"What's the matter with your hands?" This was eerily reminiscent of a day when I was in the fourth grade and someone at school had accidentally shut my finger in a door, causing the end of my finger to swell to approximately the size of a golf-ball. It was painful, but still somehow kind of fascinating to a 8 or 9 year old who just couldn't get over the sight of my cartoon-ish digit. But, my Mom wasn't nearly so amused as her eagle-eyes caught a glimpse of that huge finger (which might as well have been the size of one of those foam fingers that you see at sports games, in her mind) as soon as I turned that same corner and got almost the same response: "What's the matter with your finger?"
When we pulled the gloves off, my hands were now an alarming shade of deep purple. My mother had me soak my hands in warm water, gradually upping the amount of hot water in sink until the color began to improve and it took some time, but eventually they were a pink again- albeit, a mottled, bright pink. The feeling wasn't completely restored for months. But, ever since then, my hands have been cold.
This photo was taken that day as we set out.
I don't think this photo was taken the same day, but I believe it was taken that winter. My brother Russ and the ice floes.
But, not all winter memories were so serious. We were lucky enough to live across the street from a vernal pond that froze solid every winter and was the perfect place to ice skate. There was a large boulder that made a nice seat to sit on while you laced up your skates. There were lots of trees and bushes that were scattered here and there in the pond, and after an ice storm, they would be bedecked in glittering ice that made them look like a stunningly lovely crystal forest. There were days when we would skate from breakfast until dark, chasing one another through the jeweled trees and brush, practicing spins and glorying in the freedom of gracefully gliding feet!
And, of course, we built igloos, snowmen, even snow-Easter Bunnies if the snow was still falling at Easter. That near-frostbite with the purple hands was the only time I remember being concerned about something bad happening as a result of winter weather.
But I did have a little incident one spring day, when the snow had all melted away. It was a chilly, but sunny day and my older sister Nancy and I planned to go for a run to the beach. We donned heavy sweatshirts over our clothes and set out at a good pace, slowed to a walk once we arrived at the beach and when we hit the road again, we started to run once more. We were kidding around and giggling and challenged one another to go faster. We turned onto our very mucky dirt road and in trying to outrun my sister, I forgot to watch where I was going. You've probably guessed what happened.... I tripped and with my forward momentum, went flying through the air and did a spectacular, arms flailing wide, face plant into a very large puddle. My sister stopped in mid-stride with open-mouthed surprise at the sight, but was soon doubled-over, roaring with laughter, as I rose from the mud like The Creature of the Black Lagoon emerging from the swamp. But, really, Nancy felt some sympathy for my plight. It was hard to tell, since she could hardly talk, or breathe, she was laughing so hard, but she really did. We walked the last fifty yards home, with me dripping mud and squishing wetly at every step. While I took a nice, hot shower, Nancy cooked a batch of tapioca to help warm me up. When we sat down at the table to enjoy the steaming tapioca Nancy was still struggling to suppress an occasional chortle and she finally blurted out;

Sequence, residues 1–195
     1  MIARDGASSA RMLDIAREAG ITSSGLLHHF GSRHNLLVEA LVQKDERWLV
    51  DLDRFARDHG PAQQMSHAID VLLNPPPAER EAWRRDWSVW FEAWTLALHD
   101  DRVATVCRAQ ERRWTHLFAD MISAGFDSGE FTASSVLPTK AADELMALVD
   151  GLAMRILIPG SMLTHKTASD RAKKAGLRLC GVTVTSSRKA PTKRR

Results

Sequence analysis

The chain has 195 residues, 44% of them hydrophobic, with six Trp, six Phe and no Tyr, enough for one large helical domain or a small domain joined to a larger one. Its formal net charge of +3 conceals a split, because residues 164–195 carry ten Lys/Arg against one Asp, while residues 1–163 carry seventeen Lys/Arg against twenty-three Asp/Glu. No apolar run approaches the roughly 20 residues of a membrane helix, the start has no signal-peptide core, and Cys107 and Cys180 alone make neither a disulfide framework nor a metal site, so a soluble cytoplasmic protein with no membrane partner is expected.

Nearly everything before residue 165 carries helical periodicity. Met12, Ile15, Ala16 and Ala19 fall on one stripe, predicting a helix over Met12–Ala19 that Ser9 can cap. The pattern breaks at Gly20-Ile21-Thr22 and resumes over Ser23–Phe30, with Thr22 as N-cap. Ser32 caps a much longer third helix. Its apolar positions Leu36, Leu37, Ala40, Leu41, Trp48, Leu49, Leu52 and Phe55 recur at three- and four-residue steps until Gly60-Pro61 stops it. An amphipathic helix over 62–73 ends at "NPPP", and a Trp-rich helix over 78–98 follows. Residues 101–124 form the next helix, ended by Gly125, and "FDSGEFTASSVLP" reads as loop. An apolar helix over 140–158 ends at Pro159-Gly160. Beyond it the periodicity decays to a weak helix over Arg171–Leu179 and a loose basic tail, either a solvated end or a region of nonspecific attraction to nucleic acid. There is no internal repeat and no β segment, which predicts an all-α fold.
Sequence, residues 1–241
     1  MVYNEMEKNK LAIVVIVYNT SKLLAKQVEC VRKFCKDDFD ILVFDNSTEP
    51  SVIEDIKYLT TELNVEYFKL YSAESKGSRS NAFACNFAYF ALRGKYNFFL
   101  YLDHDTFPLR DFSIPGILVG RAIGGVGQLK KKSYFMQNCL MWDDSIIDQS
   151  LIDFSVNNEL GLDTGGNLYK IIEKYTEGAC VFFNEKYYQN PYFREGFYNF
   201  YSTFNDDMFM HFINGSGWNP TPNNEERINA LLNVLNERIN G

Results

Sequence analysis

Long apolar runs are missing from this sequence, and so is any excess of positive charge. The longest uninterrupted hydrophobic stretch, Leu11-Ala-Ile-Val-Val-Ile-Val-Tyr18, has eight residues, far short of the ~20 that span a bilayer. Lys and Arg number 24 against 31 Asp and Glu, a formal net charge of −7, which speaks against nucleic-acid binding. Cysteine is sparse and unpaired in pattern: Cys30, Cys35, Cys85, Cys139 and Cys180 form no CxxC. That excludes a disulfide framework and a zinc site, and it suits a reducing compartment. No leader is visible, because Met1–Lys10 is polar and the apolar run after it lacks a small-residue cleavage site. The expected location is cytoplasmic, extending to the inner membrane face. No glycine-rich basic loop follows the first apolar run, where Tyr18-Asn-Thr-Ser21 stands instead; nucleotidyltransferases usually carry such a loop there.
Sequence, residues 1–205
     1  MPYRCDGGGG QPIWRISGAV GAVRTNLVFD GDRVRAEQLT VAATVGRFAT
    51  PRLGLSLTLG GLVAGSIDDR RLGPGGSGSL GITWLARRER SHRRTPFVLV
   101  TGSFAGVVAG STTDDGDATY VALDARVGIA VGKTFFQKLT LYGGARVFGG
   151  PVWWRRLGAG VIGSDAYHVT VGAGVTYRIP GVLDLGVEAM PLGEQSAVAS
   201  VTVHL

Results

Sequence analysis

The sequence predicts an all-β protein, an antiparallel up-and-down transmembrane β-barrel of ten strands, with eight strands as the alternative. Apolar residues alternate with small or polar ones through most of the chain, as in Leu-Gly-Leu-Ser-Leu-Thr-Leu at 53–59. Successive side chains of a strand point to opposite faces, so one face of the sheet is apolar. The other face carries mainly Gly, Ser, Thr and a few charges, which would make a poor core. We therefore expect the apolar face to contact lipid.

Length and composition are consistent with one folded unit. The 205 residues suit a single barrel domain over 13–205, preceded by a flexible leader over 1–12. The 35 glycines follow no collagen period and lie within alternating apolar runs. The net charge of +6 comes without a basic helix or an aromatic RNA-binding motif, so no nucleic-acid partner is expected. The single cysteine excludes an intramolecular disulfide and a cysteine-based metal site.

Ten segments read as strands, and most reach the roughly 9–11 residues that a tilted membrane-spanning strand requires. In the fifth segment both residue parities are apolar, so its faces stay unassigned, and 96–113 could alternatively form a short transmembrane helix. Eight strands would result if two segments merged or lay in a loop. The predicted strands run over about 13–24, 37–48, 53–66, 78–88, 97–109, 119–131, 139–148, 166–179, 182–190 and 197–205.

"I'm so sorry! I can't help laughing! I know it's not funny..... BUT IT JUST LOOKED SO FUNNY!" So much for 'it's not funny'. "Hee-hee...." snuffle "you just flew through the air," gasp "I've never seen anything like it.... but I KNOW it's not funny..... BWA-HAHAHAHAHAHAHAHA!!!!!"
This was 35 years ago, and Nancy still loves to tell this story... "Remember the day you fell in the mud?"
How can I forget? That's one doorway in my brain that has never had a chance to gather dust or spiderwebs; but that's okay. It may not have been my proudest moment, but it's cherished just the same.